(photo credit: WIkicommons)
The events of September 11, 2001, changed the lives of hundreds of thousands of Americans.
Nearly 3,000 people died that day, but there were many more who for whatever reason didn’t make it in to work that day, and who know that but for the grace of God they would not be here today.
One of these people is Donna Calcaterra.
On the morning of September 11, Donna didn’t feel well and stayed home. Her life was changed forever as a result.
Some months after the tragedy, her bank called and told her that her safety deposit box, or what was left of it, had been recovered. When she inspected the remains, she found that amid the charred mess, only one thing had survived: an Israeli government-issued collectable silver coin, on top of the ashes and other melted coins, remained intact. Three words stood out – “Am Yisrael Chai,” “Israel lives on.” Donna took this as a sign.
Israel was at the time well into the second intifada; buses and cafes were being blown up on a seemingly weekly basis. Donna decided to donate an ambulance to the American Friends of Magen David Adom. And then another, and another, and then a “bloodmobile,” another ambulance, and another. A retired commodities trader, Donna actually went back to work to earn more money so she could give it to MDA.
JUST AS Israel has had its share of sorrows, we also have more than our share of heroes, as well. One of these is Amber Biton.
At 15, Amber joined the ranks of teenage volunteers for MDA, just another of the thousands of kids throughout Israel that do the same, desiring to give back, a testament to the volunteer spirit that pervades this country.
While in high school, Amber was diagnosed with cancer, but continued volunteering. At 17, Amber died of the disease, having devoted her last years to saving others.
By this point, Donna Calcaterra had become a member of the AFMDA board, having donated several ambulances and two bloodmobiles. When she heard about Amber, she decided it wasn’t good enough that Amber only be remembered by those who knew her. She donated an ambulance in Amber’s memory to carry on her legacy.
That ambulance arrived in Israel recently and is currently stationed in Kiryat Gat, where Amber lived and volunteered, and where it will enable MDA staff and volunteers to save lives for years to come.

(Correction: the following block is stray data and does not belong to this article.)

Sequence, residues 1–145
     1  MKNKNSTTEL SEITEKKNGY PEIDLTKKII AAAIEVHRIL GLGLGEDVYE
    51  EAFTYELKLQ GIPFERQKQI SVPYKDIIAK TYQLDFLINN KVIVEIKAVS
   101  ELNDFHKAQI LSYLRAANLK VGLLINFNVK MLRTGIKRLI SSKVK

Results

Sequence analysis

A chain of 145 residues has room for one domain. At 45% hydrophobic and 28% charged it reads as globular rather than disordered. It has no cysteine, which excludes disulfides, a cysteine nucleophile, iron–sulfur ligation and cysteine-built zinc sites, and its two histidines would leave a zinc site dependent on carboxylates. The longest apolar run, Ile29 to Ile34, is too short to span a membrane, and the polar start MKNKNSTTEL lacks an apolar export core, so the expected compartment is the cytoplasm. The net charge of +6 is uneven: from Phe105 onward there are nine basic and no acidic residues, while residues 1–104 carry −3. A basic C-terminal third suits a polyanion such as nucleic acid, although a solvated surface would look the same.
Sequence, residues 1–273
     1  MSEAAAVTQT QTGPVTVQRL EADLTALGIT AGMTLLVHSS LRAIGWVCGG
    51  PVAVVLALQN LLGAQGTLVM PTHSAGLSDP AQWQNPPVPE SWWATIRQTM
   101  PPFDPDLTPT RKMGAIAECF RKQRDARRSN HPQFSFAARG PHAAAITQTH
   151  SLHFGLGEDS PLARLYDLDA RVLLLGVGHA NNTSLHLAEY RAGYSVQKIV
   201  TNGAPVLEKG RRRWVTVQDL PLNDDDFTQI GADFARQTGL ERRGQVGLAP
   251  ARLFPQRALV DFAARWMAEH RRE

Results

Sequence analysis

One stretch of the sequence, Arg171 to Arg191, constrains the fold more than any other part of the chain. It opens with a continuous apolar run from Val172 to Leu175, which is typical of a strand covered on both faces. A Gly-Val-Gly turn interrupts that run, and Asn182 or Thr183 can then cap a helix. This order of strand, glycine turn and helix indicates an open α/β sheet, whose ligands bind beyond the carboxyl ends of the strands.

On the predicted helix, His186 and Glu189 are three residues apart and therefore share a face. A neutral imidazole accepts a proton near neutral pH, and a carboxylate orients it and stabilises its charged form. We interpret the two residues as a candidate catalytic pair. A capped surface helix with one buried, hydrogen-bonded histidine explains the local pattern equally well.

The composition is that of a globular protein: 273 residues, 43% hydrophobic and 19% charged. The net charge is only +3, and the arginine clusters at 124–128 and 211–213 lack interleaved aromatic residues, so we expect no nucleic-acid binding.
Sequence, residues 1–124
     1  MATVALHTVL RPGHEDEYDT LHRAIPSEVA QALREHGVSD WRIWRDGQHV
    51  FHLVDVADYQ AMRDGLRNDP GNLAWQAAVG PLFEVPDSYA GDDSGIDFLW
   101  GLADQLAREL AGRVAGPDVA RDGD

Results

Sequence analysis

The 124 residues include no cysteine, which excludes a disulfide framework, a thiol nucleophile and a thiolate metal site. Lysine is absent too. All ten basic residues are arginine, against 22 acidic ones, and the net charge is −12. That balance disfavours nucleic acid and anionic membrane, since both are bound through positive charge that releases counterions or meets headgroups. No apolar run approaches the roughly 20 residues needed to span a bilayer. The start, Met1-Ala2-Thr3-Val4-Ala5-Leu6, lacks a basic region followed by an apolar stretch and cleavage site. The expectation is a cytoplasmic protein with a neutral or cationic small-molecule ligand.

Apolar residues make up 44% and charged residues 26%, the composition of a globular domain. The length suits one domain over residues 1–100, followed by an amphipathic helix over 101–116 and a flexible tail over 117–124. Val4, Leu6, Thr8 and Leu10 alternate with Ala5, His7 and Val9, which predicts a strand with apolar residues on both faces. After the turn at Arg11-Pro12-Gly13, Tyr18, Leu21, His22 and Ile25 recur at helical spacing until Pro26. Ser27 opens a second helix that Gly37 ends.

The ambulance’s dedication this week falls within a month of Amber’s 18th birthday, and of the first anniversary of her death. Children born after Amber died will grow up, volunteer and ride on this very ambulance, saving the lives of others.
It’s also quite likely that once in a while a baby will be born in this ambulance with the help of the dedicated staff and volunteers, the backbone of this incredible pillar of Israeli society.
BEFORE I made aliya, I ran the Jewish Federation campaign in Rockland County, New York. Demographics had changed, and a local synagogue was liquidating its assets. The rabbi said they wanted to donate an ambulance to MDA with some of the proceeds.
I told the rabbi I was sure Israel had enough ambulances and advised him to keep the money in the community – at the federation, of course.
I was wrong.
I remember exactly where I was when this realization hit me. Shortly after making aliya and before I went to work for the American Friends of Magen David Adom (AFMDA), an ambulance raced by to my left, lights flashing and siren blaring.
Recalling my conversation with the rabbi, I realized at that moment how wrong I had been; if I or my family needed an ambulance, there was only one number to call – MDA’s.
A NATIONAL tragedy that made one woman dedicate her life to Israel, and the tragic death of a special young woman who chose to do the same, permanently connect these two women, who never met in person, never sought recognition, but who, each in her own way, stepped up to the plate and devoted themselves to saving lives in Israel.
May their generosity of spirit motivate and inspire others to do the same.The author is the Israel representative of American Friends of Magen David Adom.